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                But requests for your time are coming in all the time — through phone, email, IM or in person. To stay productive, and minimize stress, you have to learn the Gentle Art of Saying No — an art that many people have problems with.

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                What’s so hard about saying no? Well, to start with, it can hurt, anger or disappoint the person you’re saying “no” to, and that’s not usually a fun task. Second, if you hope to work with that person in the future, you’ll want to continue to have a good relationship with that person, and saying “no” in the wrong way can jeopardize that.

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                But it doesn’t have to be difficult or hard on your relationship. Here are the Top 10 tips for learning the Gentle Art of Saying No:

                1. Value your time. Know your commitments, and how valuable your precious time is. Then, when someone asks you to dedicate some of your time to a new commitment, you’ll know that you simply cannot do it. And tell them that: “I just can’t right now … my plate is overloaded as it is.”
                2. Know your priorities. Even if you do have some extra time (which for many of us is rare), is this new commitment really the way you want to spend that time? For myself, I know that more commitments means less time with my wife and kids, who are more important to me than anything.
                3. Practice saying no. Practice makes perfect. Saying “no” as often as you can is a great way to get better at it and more comfortable with saying the word. And sometimes, repeating the word is the only way to get a message through to extremely persistent people. When they keep insisting, just keep saying no. Eventually, they’ll get the message.
                4. Don’t apologize. A common way to start out is “I’m sorry but …” as people think that it sounds more polite. While politeness is important, apologizing just makes it sound weaker. You need to be firm, and unapologetic about guarding your time.
                5. Stop being nice. Again, it’s important to be polite, but being nice by saying yes all the time only hurts you. When you make it easy for people to grab your time (or money), they will continue to do it. But if you erect a wall, they will look for easier targets. Show them that your time is well guarded by being firm and turning down as many requests (that are not on your top priority list) as possible.
                6. Say no to your boss. Sometimes we feel that we have to say yes to our boss — they’re our boss, right? And if we say “no” then we look like we can’t handle the work — at least, that’s the common reasoning. But in fact, it’s the opposite — explain to your boss that by taking on too many commitments, you are weakening your productivity and jeopardizing your existing commitments. If your boss insists that you take on the project, go over your project or task list and ask him/her to re-prioritize, explaining that there’s only so much you can take on at one time.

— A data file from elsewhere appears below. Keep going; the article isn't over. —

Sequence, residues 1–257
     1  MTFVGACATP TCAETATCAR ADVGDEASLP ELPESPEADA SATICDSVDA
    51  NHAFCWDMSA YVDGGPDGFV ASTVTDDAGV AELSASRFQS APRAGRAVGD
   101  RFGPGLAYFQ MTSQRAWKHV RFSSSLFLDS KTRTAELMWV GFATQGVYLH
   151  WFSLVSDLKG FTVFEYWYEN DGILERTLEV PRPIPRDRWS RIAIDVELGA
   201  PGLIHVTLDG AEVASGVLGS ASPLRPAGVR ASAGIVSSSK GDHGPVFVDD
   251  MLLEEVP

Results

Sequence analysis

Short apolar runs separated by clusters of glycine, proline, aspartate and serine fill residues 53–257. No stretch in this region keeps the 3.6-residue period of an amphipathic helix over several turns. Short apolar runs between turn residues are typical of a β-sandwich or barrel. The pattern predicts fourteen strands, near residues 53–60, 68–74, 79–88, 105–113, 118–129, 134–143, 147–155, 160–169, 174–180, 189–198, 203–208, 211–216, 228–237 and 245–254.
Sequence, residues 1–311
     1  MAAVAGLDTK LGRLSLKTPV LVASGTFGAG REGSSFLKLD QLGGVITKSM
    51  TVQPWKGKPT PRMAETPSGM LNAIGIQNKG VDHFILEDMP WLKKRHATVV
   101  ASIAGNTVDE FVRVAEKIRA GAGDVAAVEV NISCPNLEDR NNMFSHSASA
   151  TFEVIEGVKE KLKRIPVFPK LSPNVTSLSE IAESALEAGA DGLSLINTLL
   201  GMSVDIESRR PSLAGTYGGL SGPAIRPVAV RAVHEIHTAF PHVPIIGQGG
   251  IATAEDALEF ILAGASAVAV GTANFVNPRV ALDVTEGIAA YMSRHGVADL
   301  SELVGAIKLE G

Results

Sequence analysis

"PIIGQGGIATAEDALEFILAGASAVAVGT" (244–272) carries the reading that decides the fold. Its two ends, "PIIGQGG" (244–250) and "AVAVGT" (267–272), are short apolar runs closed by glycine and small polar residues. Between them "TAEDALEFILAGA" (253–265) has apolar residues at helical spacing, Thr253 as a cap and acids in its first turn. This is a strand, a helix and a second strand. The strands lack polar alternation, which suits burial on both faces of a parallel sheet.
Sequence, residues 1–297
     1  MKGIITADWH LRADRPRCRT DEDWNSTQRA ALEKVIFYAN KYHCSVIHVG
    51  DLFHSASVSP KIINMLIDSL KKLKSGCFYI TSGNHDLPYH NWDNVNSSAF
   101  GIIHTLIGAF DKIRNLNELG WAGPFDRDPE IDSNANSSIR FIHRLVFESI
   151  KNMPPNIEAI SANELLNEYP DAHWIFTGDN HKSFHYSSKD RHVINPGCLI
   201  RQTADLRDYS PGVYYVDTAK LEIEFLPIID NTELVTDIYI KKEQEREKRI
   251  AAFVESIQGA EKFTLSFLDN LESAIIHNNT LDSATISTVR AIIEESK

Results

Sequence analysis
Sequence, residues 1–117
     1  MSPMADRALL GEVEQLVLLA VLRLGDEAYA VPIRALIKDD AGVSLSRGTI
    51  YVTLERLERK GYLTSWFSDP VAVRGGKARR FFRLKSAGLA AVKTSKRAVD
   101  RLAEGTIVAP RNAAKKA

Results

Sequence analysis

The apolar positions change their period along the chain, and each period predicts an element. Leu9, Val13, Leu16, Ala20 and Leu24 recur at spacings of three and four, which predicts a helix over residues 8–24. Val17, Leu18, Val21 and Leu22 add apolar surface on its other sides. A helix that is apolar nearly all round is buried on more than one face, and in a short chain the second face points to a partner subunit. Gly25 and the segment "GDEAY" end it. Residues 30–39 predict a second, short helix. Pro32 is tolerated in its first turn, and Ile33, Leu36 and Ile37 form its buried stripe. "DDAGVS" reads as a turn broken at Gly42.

7. Pre-empting. It’s often much easier to pre-empt requests than to say “no” to them after the request has been made. If you know that requests are likely to be made, perhaps in a meeting, just say to everyone as soon as you come into the meeting, “Look guys, just to let you know, my week is booked full with some urgent projects and I won’t be able to take on any new requests.”
                8. Get back to you. Instead of providing an answer then and there, it’s often better to tell the person you’ll give their request some thought and get back to them. This will allow you to give it some consideration, and check your commitments and priorities. Then, if you can’t take on the request, simply tell them: “After giving this some thought, and checking my commitments, I won’t be able to accommodate the request at this time.” At least you gave it some consideration.
                9. Maybe later. If this is an option that you’d like to keep open, instead of just shutting the door on the person, it’s often better to just say, “This sounds like an interesting opportunity, but I just don’t have the time at the moment. Perhaps you could check back with me in [give a time frame].” Next time, when they check back with you, you might have some free time on your hands.
                10. It’s not you, it’s me. This classic dating rejection can work in other situations. Don’t be insincere about it, though. Often the person or project is a good one, but it’s just not right for you, at least not at this time. Simply say so — you can compliment the idea, the project, the person, the organization … but say that it’s not the right fit, or it’s not what you’re looking for at this time. Only say this if it’s true — people can sense insincerity.

                Featured photo credit: Pexels via pexels.com